The King’s trial (chapter 26:57-27:26); the King’s suffering and death (chapter 27:77-66); the King’s victory (chapter 28).



Based on Hebrews 9:16-17, we will actually enter the New Testament in our reading today: “For where a testament is, there must also of necessity be the death of the testator. For a testament is of force after men are dead: otherwise it is of no strength at all while the testator liveth.”  That is foreign to our typical thinking, but as we’ve been learning, it is key to keeping our bearings in what we commonly refer to as the New Testament.


Obviously, today’s reading is rich and full and running over with many things worthy of commentary.  Because most of those comments you could make yourself, perhaps the best investment of our time today would be in discussing the time factors involved in the last week of our Saviour’s life on the earth.


Traditionally, most have taught through the centuries, that Jesus died on what we call “Good Friday.”  The tradition was handed down, however, through the Roman Catholic Church.  That, in and of itself, does not necessarily make it wrong (because they also believe in the virgin birth, the deity of Christ, His bodily resurrection, etc.), but anything handed down through that church should always raise about ten trillion red flags!  May I go on record that I absolutely love Roman Catholics, but I absolutely hate their church!  To date, a full one-sixth of the world’s population professes to be Roman Catholic.  While this system refers to itself as “Christian” (the word Catholic actually means “universal Christianity”), they propagate what II Cor. 11:4 calls, “another Jesus;” “another spirit;” and “another gospel.”  That church damns people’s souls to Hell, while they’re thinking they “believe in Jesus.”  It is damnably deceptive, and that is the reason for such strong, and see!

mingly harsh sounding statements.  (See Jesus’ commendation of the church in Ephesus in Rev. 2:1-2.)  Our hearts should truly break for people trapped in that system, and be constantly looking for and praying for opportunities to be able to love them past the blinders the enemy uses to hold them captive in his snare (II Tim. 2:26).


Back to the discussion at hand.  The key problem with the death of Christ taking place on “Good Friday” is that Jesus said in Matthew 12:40 – “For as Jonas (Jonah) was three days and three nights in the whale’s belly; so shall the Son of man be three days and three nights in the heart of the earth.”  (See also, Matt.16:21; 17:23; 20:19; 27:63; Mark 8:31; 9:31; 10:34; Luke 9:22; 13:32; 18:33; 24:46; John 2:19).  Obviously, if Christ died on Friday afternoon at 3:00 p.m. and was in the grave before 6:00, there is not enough time for Him to have been in the grave for three days and three nights.  The way that most well-meaning people who love God certainly as much as I do, (and to be quite honest, are much more intelligent than me!) get around this, is saying that in the Jewish mind of Jesus’ day, any portion of a day was considered the whole.  That may well be the case, and may well have been what Jesus had in mind, I’ve just always had a hard time with how specific Jesus seem!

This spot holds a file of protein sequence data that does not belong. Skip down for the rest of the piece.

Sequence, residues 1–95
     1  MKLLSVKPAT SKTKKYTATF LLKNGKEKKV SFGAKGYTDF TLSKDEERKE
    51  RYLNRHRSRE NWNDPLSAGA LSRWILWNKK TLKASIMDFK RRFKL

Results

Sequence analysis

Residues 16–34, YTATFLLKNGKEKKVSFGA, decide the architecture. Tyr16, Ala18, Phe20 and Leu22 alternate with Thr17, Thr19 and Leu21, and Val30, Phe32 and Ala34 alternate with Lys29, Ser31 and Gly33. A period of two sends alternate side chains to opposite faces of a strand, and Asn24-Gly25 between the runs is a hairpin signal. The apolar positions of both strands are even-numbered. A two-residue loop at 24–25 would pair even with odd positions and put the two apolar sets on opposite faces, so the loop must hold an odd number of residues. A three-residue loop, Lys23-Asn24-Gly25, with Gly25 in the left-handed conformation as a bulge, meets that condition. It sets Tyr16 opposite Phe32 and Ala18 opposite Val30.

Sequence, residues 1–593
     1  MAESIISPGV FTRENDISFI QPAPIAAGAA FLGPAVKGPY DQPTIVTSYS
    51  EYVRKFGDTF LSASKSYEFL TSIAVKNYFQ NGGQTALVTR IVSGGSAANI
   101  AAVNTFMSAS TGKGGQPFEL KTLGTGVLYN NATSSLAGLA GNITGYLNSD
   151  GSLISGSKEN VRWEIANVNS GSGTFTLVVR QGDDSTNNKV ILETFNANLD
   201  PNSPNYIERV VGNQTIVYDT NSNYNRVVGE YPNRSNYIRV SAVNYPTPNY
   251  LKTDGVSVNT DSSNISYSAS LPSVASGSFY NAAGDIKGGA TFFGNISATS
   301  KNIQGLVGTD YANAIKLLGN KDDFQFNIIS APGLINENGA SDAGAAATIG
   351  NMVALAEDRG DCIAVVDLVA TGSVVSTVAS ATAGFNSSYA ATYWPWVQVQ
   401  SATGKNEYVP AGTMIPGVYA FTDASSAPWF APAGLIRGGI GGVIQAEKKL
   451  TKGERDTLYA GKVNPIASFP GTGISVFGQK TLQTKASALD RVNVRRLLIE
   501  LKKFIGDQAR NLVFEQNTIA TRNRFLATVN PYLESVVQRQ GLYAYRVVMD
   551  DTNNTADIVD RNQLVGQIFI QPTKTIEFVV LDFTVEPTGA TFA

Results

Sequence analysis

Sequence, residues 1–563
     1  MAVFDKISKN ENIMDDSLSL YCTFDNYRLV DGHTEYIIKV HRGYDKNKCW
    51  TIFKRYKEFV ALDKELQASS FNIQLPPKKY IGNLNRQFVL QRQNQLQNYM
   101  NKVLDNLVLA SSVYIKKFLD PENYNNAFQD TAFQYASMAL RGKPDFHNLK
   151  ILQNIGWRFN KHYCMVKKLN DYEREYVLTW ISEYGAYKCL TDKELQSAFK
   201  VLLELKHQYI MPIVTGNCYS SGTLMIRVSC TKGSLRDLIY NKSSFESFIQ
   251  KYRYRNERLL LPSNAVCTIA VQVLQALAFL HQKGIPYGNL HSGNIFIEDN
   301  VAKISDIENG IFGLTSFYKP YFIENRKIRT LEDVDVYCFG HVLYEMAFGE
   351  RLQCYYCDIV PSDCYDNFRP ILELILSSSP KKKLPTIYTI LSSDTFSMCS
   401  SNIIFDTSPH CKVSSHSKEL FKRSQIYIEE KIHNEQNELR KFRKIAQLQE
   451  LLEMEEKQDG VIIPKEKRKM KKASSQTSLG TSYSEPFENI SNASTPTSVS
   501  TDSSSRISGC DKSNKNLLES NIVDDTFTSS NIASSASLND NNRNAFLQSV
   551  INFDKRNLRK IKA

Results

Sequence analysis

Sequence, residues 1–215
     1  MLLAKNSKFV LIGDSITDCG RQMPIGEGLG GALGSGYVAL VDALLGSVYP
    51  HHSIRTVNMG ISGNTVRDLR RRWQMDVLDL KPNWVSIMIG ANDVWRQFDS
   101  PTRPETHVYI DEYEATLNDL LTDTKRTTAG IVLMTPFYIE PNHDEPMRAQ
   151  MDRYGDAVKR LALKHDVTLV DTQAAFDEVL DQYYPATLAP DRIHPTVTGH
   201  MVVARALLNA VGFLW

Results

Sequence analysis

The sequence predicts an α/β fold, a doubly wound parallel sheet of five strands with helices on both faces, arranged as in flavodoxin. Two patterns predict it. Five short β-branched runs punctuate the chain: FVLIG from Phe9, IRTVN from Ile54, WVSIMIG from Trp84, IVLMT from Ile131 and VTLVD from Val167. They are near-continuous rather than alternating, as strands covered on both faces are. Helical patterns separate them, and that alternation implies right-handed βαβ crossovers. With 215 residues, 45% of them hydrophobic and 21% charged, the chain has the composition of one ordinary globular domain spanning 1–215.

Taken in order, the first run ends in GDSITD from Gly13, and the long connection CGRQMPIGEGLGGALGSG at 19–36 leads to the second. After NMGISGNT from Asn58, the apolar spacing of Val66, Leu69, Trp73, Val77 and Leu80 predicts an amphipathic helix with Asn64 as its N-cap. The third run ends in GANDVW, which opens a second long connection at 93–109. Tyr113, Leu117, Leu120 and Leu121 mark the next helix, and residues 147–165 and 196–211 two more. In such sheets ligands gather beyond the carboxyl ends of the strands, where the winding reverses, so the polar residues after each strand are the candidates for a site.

ed to be about the “three days and three nights.”


Instead of “Good Friday,” let’s consider a “Bad Wednesday” scenario, which I think fits far better.  Don’t worry, I’m not the kook that “invented” this line of reasoning, and there are many who agree with this time line that has been suggested by Warren Wiersbe and others:


*Keep in mind that the Jewish day began at sundown the previous day (i.e. “the evening and the morning we’re the first day” – Gen. 1:5). 


Fri: Jesus came to Bethany six days before Passover (John 12:1).

Sat: Triumphal Entry (John 12:12-19 – “on the next day”).

Sun: Temple cleansed, fig tree cursed (Mark 11:12-18).

Mon: Parables, questions, Olivet discourse (Matt. 21:23-25:46).

Tue: Preparation for Passover (Matt. 26:2 – “after two days”).

Wed: Upper room events; Gethsemane; arrest; trials; crucifixion (Matt. 26:20-27:58).

Thurs: The Passover Sabbath, “an high day” (John 19:31); in tomb.

Fri: Women brought spices when Passover Sabbath was past (Mark 16:1).

Sat: The regular weekly Sabbath.

Sun: Christ arose sometime after sunset that evening (remember, “evening and the morning”), and the empty tomb is discovered early Sunday morning.


Certainly, the most important thing is not what you believe about WHEN Christ died, but THAT you believe Christ died for our sins, was buried and rose again the third day.  It’s just that this question surfaces just about every Easter.  Hopefully, this will help.


In light of the fact that the “Friday” time line was passed down through Roman Catholic tradition, be careful, because the 7th Day Adventists would like for you to believe that moving the day of worship from Saturday (the Sabbath— the 7th day of the week) to Sunday (the 1st day of the week) was also a tradition passed down through that false system, and that God never intended Christians to worship on Sunday, but on Saturday.  The “first day of the week” as the God-ordained day of worship for Christians can be substantiated, however, by the following biblical reasons:


1) Because we’re Christians and not Jews.  (Ex. 31:13 – the Sabbath is a sign between God and Israel)

2) The Lord rose from the dead on “the first day of the week” (Matt. 28:1).

3) The Holy Spirit came down on the first day of the week (Acts 2).

4) The disciples met on the first day of the week (Acts 20:7).

5) New Testament giving is to be brought on the first day of the week (I Cor. 16:1-2).